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Archive for June 10th, 2017

Tuesday 6 June 2017, week 4: Buldir Island

When driving to Seattle from Fairbanks on a free ride from Craigslist a couple autumns ago, my driver Jim told me that I’m pretty much the definition of low maintenance. Given my nature of being content sleeping on any surface, living without running water, and eating basics rather than going out, I’d agree that it doesn’t take much to cover my needs. It’s how I’ve been able to live as a semi-homeless seasonal wildlife tech.

With that being said, nothing beats the feeling I get during and after the first shower of a field season in a remote camp. It doesn’t matter that I just showered with 5 gallons – at most – of rainwater collected from our roof. This afternoon those 5 gallons made me the cleanest I’d been since the evening of Wednesday, May 24th.

Our first showers were a little delayed because Mother Nature had her way around camp while we were gone this winter. Upon our arrival on May 25th, we were happy to still see 2 cabins standing. However, our outhouse and shower had been battered and bruised apart and strewn around the area, therefore requiring some imaginative building. Know those “Paris is for lovers” shirts? Well, we should have some made that read “Buldir is for hillbilly builders.”

As Kevin put it, like a phoenix rising from the ashes – except a phoenix of plywood, buoy patches and spray foam… We resurrected our beloved shower stall on June 4th, using almost all of our remaining screws and usable plywood. Our side window was enlarged for more of a view of North Marsh, which is very important for cleanliness. My beach walk of buoy collecting provided us with patching material to cover holes and eliminate draft. Our shower won’t get any marks for architectural beauty, but its character makes it fit for a museum of field camp life.

The testing of the new shower didn’t commence until today (the 6th) because we hadn’t wanted to go to bed with wet hair, and we’d known our trip to Spike Camp, a 4 mile hike with a ~1100 foot climb one-way, from the 5th to the 6th would immediately undo our showers. That meant we all had shower dreams dancing in our heads as we hiked home today.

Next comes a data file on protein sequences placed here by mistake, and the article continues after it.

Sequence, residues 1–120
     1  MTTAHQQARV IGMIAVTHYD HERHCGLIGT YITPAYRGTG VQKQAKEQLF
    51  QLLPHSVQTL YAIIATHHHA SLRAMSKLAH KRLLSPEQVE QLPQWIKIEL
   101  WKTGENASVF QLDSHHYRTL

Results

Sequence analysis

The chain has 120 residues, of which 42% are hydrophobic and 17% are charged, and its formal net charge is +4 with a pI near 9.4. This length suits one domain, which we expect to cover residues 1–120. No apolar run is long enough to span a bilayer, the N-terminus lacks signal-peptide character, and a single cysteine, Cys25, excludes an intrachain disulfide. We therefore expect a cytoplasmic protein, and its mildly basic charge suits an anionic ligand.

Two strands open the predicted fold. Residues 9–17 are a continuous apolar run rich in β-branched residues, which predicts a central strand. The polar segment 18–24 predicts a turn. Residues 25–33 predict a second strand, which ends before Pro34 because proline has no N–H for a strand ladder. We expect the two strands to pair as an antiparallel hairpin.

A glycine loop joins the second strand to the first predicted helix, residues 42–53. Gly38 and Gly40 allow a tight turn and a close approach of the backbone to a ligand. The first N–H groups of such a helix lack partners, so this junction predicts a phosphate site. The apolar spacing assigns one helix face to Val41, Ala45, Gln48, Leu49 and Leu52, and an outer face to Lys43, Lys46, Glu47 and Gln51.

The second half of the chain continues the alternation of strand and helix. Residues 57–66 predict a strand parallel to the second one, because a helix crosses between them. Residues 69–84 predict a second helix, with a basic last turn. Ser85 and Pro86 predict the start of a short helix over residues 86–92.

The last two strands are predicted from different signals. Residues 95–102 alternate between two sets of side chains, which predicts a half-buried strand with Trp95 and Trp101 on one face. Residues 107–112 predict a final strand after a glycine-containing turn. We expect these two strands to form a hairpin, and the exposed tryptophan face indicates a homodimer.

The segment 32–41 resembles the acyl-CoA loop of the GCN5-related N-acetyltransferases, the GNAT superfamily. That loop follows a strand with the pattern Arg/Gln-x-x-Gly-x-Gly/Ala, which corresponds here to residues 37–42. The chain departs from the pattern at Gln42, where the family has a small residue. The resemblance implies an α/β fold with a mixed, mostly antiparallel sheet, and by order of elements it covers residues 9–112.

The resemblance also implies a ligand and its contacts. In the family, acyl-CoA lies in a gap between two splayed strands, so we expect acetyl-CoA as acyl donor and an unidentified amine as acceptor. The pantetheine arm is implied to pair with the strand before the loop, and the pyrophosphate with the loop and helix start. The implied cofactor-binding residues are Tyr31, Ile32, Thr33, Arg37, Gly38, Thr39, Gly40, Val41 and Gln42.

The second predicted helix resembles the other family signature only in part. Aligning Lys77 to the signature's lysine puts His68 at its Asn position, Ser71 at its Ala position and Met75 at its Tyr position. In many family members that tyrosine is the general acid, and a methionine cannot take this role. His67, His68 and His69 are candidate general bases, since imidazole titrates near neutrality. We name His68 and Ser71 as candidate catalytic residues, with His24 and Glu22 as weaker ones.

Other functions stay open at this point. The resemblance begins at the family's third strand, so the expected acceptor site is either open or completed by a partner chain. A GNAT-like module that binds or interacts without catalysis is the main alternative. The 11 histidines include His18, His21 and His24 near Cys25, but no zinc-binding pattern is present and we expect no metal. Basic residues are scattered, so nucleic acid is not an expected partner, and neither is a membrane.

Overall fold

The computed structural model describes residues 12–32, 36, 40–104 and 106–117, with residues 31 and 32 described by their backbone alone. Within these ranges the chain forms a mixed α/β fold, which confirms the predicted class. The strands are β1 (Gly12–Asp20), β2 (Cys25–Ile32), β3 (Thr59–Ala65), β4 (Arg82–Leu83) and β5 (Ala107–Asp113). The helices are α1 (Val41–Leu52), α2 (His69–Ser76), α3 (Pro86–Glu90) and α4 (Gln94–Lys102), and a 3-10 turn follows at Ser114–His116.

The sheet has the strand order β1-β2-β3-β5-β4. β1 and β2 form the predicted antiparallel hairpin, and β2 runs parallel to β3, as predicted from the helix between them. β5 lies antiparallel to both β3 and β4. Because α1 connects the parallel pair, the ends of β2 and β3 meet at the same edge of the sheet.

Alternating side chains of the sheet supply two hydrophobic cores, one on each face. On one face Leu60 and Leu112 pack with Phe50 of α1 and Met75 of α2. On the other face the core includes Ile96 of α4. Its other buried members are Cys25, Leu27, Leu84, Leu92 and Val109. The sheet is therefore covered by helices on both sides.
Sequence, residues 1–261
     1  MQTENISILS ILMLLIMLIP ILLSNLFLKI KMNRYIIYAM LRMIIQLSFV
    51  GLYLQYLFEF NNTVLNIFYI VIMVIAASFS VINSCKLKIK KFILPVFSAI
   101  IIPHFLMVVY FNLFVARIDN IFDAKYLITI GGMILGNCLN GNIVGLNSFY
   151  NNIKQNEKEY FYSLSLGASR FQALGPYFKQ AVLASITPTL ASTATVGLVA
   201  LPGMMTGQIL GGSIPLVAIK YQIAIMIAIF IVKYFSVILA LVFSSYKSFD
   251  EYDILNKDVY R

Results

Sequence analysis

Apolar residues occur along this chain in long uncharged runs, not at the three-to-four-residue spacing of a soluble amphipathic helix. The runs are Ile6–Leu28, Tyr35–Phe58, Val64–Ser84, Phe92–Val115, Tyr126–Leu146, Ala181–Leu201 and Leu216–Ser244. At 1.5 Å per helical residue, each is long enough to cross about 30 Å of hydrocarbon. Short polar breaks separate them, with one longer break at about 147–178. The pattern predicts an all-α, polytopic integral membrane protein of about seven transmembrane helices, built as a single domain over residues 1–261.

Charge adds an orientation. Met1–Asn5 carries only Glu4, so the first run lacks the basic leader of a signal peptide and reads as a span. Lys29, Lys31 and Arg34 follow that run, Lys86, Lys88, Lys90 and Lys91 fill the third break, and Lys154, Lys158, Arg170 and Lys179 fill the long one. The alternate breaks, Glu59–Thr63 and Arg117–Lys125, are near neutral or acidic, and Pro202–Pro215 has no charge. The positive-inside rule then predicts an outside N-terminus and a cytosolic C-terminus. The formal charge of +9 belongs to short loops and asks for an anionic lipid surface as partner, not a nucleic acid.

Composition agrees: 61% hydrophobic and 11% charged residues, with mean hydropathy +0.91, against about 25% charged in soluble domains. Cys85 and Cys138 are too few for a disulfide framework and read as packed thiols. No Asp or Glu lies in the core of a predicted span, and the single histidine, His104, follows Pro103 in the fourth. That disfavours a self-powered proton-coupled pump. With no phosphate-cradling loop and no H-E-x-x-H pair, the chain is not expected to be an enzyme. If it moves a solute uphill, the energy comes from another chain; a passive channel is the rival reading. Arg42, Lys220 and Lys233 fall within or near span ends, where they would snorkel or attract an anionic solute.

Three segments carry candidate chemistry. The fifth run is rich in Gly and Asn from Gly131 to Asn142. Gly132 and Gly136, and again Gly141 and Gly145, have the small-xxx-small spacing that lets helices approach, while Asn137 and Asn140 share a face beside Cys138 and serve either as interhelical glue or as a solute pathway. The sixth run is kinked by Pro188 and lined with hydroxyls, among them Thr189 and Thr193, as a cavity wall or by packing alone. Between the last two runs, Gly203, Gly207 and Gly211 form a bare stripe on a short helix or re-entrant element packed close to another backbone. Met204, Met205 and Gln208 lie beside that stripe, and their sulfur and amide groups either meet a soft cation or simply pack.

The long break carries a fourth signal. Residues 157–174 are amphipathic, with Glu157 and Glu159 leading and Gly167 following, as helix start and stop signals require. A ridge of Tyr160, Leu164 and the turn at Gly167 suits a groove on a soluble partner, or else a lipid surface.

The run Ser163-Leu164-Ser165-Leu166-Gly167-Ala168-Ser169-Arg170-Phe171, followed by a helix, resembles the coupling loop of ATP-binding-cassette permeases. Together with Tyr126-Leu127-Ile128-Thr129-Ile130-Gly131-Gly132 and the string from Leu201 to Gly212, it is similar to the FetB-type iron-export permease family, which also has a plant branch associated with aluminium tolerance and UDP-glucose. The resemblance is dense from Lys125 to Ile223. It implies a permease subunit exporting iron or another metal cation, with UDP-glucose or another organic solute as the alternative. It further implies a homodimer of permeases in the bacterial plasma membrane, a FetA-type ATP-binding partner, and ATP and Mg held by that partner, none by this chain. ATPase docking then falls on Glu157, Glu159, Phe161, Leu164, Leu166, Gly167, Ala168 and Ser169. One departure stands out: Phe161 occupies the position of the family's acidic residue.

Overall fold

Everything about shower day is refreshing. Just filling the big pot with water to heat, pulling out the solar shower bag, and stocking the shower shelves with shampoo, conditioner, and soap gets me excited. Once I’ve climbed the ladder and heaved the bag onto the roof of the stall, I’m practically singing. Moments separate me from my departure from the smelly base layer I’ve been wearing for the last unmentionable length of time.

When the first spray of hot water hits, it’s heavenly – so heavenly that even the shampoo I manage to get in my eye hurts so good! Scrubbing 2 weeks’ worth of sweat, rain, dirt, and dead skin away is like starting a new life. Since I have more hair this year, I am a little more careful with my water usage so that I won’t end up with soap to rinse off and no remaining water. Fortunately I am so careful that my glorious shower even ends with a seemingly never-ending cascade to rinse under and savor. It just keeps coming and coming!

Wearing my clean “sauna day” clothes (holdover name from a previous field camp with an awesome plywood and visqueen sauna) makes me feel like I’m a whole different person after the shower. Cotton t-shirt with a hoodie rather than a base layer with my brown fleece vest or wool sweater, softshell pants rather than a base layer, quick dry pants, or sweatpants; and Salomon shoes rather than XtraTufs or Crocs. Most importantly, I’m wearing a real bra rather than a sports bra. It’s the best! Actually, the best part is that none of these clothes smell.

Now I’m completing my illusion of normalcy by drinking a dark and stormy as we enjoy a relatively calm evening in camp. Life is good because tonight, we don’t stink.

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